The Labour Party adds its voice to the international condemnation of today’s shocking attack on freedom of speech in Paris, Leader Andrew Little says. “The attack on the Charlie Hebdo newspaper is an assault on democracy and freedom of expression.… ...
    3 weeks ago
  • Petrol retailers and importers must pass on savings
    New Zealand’s petrol retailers and importers must start passing on savings to Kiwis motorists following the dramatic drop in the price of crude oil, Labour’s Energy Spokesman Stuart Nash says. “It is great news for Kiwi drivers that the price… ...
    3 weeks ago
  • Foreign investors must uphold their promises
    The Government must ensure foreign investors uphold their commitment to add value to sensitive New Zealand assets* they purchase, after new figures show National has declined just 1.5 per cent of all applications, Labour’s Land Information spokesperson Stuart Nash says. … ...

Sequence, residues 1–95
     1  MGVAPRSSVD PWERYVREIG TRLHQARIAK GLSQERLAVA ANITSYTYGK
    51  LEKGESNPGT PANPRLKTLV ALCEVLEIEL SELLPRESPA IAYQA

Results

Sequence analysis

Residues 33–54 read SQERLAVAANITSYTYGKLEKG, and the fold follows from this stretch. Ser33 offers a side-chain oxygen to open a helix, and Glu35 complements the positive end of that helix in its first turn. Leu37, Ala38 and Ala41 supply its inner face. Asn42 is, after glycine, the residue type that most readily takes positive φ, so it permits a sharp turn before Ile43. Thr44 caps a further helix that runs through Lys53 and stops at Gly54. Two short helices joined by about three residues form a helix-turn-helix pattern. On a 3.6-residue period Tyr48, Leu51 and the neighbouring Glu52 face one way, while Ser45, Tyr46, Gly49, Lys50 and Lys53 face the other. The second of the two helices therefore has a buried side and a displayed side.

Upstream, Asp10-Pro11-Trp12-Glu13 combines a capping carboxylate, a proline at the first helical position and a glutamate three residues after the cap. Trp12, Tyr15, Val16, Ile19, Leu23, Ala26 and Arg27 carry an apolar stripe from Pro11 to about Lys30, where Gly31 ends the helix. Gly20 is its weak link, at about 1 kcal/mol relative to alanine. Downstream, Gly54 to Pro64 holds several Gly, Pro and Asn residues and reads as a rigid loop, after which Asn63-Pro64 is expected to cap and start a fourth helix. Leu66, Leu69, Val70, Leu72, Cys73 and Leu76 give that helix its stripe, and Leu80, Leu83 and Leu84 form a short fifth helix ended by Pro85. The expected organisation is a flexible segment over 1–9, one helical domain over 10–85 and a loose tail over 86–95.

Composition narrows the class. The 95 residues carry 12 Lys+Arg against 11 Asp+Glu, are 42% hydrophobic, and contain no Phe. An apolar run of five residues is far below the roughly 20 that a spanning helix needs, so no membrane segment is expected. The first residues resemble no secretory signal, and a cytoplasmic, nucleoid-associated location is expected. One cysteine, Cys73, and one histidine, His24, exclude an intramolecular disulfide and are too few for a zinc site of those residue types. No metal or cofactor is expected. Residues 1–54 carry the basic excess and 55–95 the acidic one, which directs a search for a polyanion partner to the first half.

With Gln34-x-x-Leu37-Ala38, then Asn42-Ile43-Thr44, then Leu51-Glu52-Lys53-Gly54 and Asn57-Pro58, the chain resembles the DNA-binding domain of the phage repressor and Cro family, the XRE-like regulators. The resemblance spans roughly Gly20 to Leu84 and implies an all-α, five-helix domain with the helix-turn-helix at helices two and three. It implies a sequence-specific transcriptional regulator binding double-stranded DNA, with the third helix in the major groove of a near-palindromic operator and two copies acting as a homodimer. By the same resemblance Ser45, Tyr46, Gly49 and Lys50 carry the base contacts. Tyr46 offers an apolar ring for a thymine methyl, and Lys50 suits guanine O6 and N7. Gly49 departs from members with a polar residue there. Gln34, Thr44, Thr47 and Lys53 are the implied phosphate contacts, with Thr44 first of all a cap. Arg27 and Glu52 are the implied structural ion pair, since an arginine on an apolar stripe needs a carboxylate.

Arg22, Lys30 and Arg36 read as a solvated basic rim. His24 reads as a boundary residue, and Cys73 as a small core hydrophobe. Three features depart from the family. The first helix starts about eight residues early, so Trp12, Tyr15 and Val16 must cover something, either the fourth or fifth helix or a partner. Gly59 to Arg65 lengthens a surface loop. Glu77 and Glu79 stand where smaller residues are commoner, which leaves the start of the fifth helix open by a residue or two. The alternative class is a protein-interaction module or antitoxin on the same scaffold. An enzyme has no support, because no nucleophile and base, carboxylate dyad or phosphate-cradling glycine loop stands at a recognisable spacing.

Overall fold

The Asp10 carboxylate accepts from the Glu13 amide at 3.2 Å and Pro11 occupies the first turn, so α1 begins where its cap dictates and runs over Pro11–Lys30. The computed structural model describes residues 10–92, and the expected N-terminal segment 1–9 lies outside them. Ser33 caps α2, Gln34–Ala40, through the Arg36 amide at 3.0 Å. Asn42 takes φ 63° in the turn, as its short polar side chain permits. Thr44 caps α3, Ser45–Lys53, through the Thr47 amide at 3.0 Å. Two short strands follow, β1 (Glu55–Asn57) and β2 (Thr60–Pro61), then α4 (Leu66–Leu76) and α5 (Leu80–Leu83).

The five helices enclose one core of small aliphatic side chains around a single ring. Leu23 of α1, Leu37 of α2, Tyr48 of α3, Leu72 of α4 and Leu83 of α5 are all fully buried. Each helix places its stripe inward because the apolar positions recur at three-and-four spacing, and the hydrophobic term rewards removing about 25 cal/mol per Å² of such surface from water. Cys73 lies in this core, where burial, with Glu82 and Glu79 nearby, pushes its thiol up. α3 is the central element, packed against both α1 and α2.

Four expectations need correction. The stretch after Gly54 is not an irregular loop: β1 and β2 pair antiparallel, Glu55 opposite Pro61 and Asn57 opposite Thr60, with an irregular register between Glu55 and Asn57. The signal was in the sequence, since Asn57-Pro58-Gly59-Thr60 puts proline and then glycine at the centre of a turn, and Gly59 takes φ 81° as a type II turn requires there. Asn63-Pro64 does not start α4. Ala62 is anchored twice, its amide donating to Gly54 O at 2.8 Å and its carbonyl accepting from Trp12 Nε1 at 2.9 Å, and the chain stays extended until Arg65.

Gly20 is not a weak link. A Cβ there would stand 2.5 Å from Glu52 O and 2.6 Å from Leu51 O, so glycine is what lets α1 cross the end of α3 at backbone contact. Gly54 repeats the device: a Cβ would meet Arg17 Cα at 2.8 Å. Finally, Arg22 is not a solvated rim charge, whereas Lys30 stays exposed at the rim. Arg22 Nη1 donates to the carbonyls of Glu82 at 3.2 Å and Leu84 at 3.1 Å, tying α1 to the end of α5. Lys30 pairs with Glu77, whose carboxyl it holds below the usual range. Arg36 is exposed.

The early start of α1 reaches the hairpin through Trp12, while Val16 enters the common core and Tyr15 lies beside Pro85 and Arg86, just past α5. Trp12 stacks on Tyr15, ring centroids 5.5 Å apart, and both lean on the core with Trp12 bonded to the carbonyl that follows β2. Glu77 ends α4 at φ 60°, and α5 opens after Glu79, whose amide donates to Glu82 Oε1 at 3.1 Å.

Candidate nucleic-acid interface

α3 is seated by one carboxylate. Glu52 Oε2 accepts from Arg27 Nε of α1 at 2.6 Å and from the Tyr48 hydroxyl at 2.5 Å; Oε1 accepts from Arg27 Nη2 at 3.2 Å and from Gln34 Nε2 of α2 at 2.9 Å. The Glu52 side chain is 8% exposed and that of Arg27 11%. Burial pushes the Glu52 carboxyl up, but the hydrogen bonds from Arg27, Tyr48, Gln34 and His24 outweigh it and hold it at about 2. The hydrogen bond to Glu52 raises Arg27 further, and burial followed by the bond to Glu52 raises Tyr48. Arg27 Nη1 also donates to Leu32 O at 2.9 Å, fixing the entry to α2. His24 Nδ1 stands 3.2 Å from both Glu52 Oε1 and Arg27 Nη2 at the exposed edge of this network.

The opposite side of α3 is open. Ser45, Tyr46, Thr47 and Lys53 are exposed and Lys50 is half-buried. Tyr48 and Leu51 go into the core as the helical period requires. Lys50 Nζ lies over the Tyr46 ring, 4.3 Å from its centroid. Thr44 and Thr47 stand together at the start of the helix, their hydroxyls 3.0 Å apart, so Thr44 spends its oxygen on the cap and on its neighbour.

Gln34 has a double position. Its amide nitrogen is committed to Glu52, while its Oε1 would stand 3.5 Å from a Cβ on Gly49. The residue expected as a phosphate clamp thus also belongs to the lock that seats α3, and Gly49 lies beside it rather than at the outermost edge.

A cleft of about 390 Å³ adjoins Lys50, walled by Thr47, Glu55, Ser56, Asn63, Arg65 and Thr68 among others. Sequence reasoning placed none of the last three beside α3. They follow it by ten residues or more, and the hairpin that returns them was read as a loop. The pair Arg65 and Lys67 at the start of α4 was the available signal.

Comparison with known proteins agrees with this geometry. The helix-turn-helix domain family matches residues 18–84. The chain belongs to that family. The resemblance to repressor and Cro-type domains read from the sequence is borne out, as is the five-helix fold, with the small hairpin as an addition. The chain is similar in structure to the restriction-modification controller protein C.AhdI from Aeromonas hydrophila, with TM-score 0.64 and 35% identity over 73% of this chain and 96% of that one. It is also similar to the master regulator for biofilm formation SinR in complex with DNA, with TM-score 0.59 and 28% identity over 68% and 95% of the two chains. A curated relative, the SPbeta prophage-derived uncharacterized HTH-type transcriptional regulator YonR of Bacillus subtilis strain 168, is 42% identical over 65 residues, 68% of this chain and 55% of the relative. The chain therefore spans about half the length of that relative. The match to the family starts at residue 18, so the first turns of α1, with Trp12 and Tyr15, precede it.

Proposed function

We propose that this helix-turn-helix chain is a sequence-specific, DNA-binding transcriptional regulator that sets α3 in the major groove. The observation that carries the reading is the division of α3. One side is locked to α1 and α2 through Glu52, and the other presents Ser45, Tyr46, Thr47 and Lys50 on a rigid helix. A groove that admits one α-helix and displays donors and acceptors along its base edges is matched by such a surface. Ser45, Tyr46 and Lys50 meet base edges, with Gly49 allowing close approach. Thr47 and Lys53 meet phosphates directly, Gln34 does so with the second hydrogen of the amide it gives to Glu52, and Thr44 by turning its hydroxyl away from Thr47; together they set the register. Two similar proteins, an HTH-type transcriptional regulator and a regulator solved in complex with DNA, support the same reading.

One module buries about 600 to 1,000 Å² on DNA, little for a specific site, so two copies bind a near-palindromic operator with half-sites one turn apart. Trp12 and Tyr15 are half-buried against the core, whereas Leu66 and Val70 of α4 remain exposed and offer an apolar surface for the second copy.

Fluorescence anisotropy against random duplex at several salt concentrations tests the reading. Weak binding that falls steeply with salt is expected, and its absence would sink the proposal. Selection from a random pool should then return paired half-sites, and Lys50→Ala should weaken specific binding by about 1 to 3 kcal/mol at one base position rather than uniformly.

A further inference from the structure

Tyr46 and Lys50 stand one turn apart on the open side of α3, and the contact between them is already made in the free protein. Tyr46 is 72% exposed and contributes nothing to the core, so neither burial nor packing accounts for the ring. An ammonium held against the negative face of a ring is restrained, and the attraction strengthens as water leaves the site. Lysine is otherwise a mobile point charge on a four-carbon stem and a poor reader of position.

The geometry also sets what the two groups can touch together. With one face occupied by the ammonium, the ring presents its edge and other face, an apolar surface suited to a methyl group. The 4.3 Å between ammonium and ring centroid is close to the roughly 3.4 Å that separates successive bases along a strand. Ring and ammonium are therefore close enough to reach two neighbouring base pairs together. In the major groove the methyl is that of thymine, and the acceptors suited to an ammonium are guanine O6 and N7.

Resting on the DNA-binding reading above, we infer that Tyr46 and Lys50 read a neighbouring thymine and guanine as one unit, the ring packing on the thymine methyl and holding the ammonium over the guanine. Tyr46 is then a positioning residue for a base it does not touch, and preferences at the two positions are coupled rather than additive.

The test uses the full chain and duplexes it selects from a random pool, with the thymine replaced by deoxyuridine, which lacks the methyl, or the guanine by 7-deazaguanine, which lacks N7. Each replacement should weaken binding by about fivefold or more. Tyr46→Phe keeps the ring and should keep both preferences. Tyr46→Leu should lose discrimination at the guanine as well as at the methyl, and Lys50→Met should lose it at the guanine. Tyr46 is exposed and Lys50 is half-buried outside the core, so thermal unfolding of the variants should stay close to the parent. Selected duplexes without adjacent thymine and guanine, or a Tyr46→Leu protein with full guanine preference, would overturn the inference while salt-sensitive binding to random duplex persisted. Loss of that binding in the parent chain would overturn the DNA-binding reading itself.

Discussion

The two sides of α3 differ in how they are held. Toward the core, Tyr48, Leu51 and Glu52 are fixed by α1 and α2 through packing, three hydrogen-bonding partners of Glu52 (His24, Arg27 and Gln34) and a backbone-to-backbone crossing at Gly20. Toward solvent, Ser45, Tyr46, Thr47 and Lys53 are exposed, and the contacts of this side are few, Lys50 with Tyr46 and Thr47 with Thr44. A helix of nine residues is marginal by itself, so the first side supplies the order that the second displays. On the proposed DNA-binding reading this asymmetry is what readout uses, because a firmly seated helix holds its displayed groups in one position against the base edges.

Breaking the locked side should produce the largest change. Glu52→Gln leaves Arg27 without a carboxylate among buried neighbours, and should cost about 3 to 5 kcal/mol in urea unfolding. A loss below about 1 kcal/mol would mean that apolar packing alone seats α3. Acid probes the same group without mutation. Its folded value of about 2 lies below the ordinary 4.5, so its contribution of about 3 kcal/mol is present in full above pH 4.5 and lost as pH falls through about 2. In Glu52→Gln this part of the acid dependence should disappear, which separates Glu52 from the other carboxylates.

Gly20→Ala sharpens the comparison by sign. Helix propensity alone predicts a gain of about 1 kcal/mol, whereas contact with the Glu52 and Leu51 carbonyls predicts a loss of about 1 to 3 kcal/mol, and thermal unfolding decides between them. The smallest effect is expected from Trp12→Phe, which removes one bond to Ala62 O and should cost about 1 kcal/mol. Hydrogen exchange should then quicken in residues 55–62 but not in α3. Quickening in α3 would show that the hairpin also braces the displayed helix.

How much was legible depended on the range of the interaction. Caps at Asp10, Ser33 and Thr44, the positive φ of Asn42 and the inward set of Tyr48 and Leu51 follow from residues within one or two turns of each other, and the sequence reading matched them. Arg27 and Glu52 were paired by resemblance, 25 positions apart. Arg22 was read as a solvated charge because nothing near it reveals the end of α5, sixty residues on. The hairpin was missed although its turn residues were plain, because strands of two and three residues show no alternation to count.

3 weeks ago

  • Devoy: Honour our Holocaust survivors, don’t be a bystander
    70 years ago in the early hours of the morning and in the middle of a bitter snowstorm, Auschwitz Concentration Camp was liberated. Today is International Holocaust Remembrance Day, this afternoon some incredible New Zealanders – our own Holocaust survivors… ...
    2 hours ago
  • Lyttelton Port workers vote to escalate dispute
    Members of the Rail and Maritime Transport Union (RMTU) at Lyttelton Port today voted to escalate their industrial action. Around 200 RMTU members have been operating an overtime ban since 17 December and today they endorsed a series of full… ...
    2 hours ago
  • Newsletter – Free Press